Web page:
All posts by tsammons

How often should living trust be reviewed?

Setting up a living trust is a good first step in getting your estate organized. But, it is important to review the trust  to be sure that the trust is firing on all cylinders and all assets are correctly titled.

I don’t charge current clients for trust reviews. If forced to answer the question “how often should a trust be reviewed?” I would say it ‘s best to review  a trust every 5 to 7 years. This is completely made-up and non-scientific. I have some really nice clients who came in every year for a trust review and we kind of ran out of things to talk about, but it made them feel good, so what the heck.

For a trust review, we need:

  1. The trust binder with the documents. Requiring this makes the  clients find their trust. Believe me, quite a few can’t find the trust. If the trust binder is lost, then the client has to sign a restatement and new documents.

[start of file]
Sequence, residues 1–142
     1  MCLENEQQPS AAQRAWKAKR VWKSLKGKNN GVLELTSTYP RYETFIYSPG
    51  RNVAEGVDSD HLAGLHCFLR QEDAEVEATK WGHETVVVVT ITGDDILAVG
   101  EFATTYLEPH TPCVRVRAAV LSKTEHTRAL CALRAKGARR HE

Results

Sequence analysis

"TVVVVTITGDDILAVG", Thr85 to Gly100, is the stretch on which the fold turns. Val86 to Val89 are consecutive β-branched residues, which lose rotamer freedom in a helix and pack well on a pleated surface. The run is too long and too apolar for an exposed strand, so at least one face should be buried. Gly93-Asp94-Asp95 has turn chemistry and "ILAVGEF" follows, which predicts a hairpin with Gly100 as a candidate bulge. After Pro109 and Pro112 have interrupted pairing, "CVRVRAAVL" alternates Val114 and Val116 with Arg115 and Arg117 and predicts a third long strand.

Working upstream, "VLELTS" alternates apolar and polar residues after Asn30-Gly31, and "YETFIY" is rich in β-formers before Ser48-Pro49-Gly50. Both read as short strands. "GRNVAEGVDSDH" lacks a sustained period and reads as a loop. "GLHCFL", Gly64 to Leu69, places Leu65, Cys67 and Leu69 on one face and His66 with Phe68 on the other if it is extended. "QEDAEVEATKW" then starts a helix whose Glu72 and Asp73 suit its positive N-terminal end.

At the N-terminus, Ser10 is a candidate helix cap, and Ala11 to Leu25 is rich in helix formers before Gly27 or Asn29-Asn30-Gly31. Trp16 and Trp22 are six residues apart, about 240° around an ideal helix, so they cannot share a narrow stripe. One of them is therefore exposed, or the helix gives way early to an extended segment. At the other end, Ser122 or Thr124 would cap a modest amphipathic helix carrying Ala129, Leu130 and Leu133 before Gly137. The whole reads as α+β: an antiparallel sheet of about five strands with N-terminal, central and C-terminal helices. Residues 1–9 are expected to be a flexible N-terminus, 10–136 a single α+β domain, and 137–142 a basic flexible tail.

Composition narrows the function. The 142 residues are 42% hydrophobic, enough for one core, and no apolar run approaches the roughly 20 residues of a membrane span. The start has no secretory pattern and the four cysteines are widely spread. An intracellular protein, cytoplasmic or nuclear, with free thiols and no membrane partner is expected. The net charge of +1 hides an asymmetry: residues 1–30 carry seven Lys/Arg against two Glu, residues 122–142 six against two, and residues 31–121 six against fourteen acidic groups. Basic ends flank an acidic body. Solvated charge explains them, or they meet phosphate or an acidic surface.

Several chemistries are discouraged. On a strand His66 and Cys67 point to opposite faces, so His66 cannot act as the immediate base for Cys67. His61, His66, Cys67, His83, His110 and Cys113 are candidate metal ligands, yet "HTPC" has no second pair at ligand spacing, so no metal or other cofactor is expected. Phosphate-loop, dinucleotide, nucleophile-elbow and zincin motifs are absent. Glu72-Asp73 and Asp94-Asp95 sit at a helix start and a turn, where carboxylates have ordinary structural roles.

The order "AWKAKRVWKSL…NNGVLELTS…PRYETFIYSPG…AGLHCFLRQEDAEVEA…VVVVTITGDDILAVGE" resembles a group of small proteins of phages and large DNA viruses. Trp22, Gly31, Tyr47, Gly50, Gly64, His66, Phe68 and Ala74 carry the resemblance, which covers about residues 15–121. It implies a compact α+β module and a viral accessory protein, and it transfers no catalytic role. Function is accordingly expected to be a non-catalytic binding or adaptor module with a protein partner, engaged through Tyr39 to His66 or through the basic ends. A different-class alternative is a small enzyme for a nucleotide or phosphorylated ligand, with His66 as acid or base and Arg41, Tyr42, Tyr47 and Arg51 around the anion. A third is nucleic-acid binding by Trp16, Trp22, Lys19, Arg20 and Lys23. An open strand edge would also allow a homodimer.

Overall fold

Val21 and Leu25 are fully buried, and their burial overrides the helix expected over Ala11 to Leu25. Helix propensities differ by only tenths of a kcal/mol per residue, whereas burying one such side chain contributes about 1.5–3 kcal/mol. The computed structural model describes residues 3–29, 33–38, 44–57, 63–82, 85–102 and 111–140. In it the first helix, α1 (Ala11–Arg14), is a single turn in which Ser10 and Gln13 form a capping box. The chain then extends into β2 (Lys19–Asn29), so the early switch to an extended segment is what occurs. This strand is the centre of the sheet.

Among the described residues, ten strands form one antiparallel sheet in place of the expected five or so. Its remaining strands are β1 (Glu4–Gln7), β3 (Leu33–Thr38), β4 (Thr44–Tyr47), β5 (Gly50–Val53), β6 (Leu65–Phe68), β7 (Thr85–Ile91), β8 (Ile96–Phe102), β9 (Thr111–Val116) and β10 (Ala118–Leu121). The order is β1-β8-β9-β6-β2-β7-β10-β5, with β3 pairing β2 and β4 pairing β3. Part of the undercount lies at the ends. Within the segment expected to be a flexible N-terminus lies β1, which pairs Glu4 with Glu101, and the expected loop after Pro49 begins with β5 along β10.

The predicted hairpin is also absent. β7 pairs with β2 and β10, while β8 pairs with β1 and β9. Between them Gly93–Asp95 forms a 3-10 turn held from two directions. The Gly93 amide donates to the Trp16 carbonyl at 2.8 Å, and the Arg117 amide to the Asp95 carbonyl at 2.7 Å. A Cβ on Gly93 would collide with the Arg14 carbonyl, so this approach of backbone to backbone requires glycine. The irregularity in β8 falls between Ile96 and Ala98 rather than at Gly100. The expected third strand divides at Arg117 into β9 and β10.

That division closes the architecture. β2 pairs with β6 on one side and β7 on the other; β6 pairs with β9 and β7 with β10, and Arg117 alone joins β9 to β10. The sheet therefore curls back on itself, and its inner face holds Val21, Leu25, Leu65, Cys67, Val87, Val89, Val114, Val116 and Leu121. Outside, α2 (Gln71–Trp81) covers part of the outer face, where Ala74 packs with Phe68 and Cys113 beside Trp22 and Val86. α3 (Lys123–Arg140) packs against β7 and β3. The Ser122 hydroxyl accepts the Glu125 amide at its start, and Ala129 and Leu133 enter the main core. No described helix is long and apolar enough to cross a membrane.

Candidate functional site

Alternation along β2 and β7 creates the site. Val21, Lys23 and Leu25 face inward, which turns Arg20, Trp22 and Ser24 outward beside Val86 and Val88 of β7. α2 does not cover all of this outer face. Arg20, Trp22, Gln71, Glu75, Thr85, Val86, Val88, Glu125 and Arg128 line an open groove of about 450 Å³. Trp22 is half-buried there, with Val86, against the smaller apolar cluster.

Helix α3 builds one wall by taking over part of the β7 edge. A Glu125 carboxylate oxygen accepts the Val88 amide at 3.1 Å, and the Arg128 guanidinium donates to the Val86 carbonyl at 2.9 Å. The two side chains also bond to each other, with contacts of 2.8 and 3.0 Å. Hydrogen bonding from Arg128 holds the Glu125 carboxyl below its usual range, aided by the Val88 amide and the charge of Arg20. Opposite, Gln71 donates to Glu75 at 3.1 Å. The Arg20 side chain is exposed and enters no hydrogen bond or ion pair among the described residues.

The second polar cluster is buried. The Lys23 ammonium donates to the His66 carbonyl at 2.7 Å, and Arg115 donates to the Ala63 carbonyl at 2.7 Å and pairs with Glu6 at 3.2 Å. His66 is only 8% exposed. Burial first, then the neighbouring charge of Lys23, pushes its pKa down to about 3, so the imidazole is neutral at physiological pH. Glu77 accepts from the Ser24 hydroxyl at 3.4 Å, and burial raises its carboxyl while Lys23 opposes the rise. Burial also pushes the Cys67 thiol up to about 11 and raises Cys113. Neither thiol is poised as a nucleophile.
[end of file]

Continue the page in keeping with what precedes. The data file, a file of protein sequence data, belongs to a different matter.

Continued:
2. A list of current assets including all beneficiary designations.

If your kids were under 18, but are now older than 25 or so, we will often sign a trust restatement (I don’t do amendments)to make one of the kids successor trustee. I am not a fan of co-trusteeships, so it is usually best to pick just one successor trustee at a time. That is probably the most common change that clients make to their trust.

Often, in the trust review,  IRA/401k beneficiary designations need to be redone. We rarely make the trust a beneficiary of an IRA/401k unless there is a minor or disabled person involved. So we will usually need to re-do the beneficiary designations to make the kids direct beneficiaries of the IRA/401k which allows them to stretch out IRA withdrawals over their lifetime.

Trust review appointments can be scheduled online and usually take about 30 minutes.

Mortgage Debt Forgiveness Act extended again in nick of time

It looks like the president will sign an extension today of the Mortgage Debt Forgiveness Act through 2016. Why Congress waited again until the last minute to do this is beyond me? Last year, the same thing happened. Congress waited until the end of 2014 to extend it through 2014. How are owners of underwater properties supposed to plan ahead without knowing the law?